Without conflict, there is no story. You’ve probably heard this before, and it’s true. For a story to work, you need:
a) A protagonist who wants something, and
b) Something to get in the way of the protagonist achieving that goal
You need to give your protagonist a treasure to find, a dragon to slay, a puzzle to solve, or a lover to woo. And then you need to put obstacles between your protagonist and the prize. Your story will look something like this:
Of course, your protagonist doesn’t just go charging straight through all those obstacles. Instead, most stories have the protagonist working through the obstacles one at a time, with the level of difficulty and stakes rising at each turn. This creates a “story arc” that looks something like this:
But, in better stories, the protagonist’s climb up that arc is anything but smooth. No easy stroll up a gradual hill for the protagonists of better stories. Nope. They have to climb the stairs one at a time, and each stair is an obstacle that (once overcome) brings them one step closer to their goal. And sometimes, they do the one-step-forward-two-steps-back dance. That looks like this:
But, even more engaging than the “stair” story arc, is the story arc that has not only multiple obstacles, but also pitfalls and false wins. In this story arc, your protagonist isn’t just checking off steps in the journey like a paint-by-numbers quest. Oh, no. In the best stories, the protagonist must endure the ups and downs of the Try/Fail Cycle.
The Try/Fail Cycle is what makes up the middle of your story. It’s what drives things forward, ups the ante, and raises the stakes. It’s what gives your protagonist the chance to earn the happy ending. The story arc with Try/Fail Cycles looks something like this:
… your protagonist not only has to climb up the “big picture story arc,” there are also all these smaller peaks to climb and valleys to fall into. Your protagonist hikes up and thinks, “Oh! This is the top!” only to realize this peak is only an interim goal, and then suddenly tumble into a crevice or fall into a pit. Oops! (That’s the fail part.)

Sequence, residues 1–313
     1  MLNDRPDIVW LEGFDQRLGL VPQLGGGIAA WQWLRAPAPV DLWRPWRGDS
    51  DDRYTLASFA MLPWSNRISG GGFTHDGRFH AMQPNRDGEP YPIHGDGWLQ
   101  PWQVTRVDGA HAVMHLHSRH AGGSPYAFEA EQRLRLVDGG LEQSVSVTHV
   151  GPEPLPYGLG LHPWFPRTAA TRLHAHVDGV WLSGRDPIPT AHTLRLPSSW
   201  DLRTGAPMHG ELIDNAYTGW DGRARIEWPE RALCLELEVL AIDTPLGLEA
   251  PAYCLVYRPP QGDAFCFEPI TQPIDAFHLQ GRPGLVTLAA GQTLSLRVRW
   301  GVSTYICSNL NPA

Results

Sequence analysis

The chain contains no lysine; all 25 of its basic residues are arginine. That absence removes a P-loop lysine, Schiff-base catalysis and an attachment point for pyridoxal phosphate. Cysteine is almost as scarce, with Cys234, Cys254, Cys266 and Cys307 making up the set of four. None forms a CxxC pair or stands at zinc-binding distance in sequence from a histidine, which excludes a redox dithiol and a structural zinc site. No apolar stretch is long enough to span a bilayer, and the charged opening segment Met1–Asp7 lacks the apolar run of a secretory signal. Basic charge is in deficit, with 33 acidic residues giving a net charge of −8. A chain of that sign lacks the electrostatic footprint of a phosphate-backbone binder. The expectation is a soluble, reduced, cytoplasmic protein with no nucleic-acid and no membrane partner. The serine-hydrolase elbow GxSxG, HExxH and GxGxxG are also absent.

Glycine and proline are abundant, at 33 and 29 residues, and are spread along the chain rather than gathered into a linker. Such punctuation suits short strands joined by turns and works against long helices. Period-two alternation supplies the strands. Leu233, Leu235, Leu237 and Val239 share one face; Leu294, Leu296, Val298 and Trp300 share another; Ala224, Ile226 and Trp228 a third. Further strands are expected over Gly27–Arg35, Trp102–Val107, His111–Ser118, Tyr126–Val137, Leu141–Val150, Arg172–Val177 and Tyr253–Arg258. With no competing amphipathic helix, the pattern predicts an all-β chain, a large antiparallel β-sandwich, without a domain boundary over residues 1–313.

To help you ratchet up the tension even more, try employing the “Yes … But/No … And” technique:
Did the protagonist achieve the interim goal?
- Yes, but [insert complication or new obstacle here].
- No, and [guess what? things just got worse, because …].
“Yes, But/No, And” works at the scene level as your protagonist either succeeds or fails while attempting to achieve interim goals. Some examples:
- Derek wants to buy the girl at the bar a drink. Does he succeed?
- Yes, but he finds out that she’s a he.
- No, and the girl’s boyfriend is none too pleased.
- Julia is being chased by bad guys and wants to get her horse to jump over the creek. Does she succeed?
- Yes, but the horse breaks its leg on the landing, leaving Julia stranded out on the trail.
- No, and now Julia’s pursuers have her cornered.
You get the idea.
Try/Fail Cycles and the Yes, But/No, And technique. Go, now. Have some fun with these. Let me know how you make out!
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NOTE: Though I believe these concepts are pretty universal, I must tip my hat to the excellent writing folk at the Writing Excuses podcast for bringing them so clearly and helpfully to my attention. (Seriously, if you’re not listening to these guys yet, TUNE IN!)
For more from Mary, Brandon, Howard, and Dan, check out Season 10, Episode 29.
Jamie Lee Wallace Hi. I’m Jamie. I am a content marketer and branding consultant, columnist, sometime feature writer, prolific blogger, and aspiring fiction writer. I’m a mom, a student of equestrian and aerial arts (not at the same time), and a nature lover. I believe in small kindnesses, daily chocolate, and happy endings. Join me each Saturday for the Weekend Edition (a fun post and great community of commenters on the writing life, random musings, writing tips, and good reads), or introduce yourself on Facebook, twitter, Instagram, or Pinterest. I don’t bite … usually.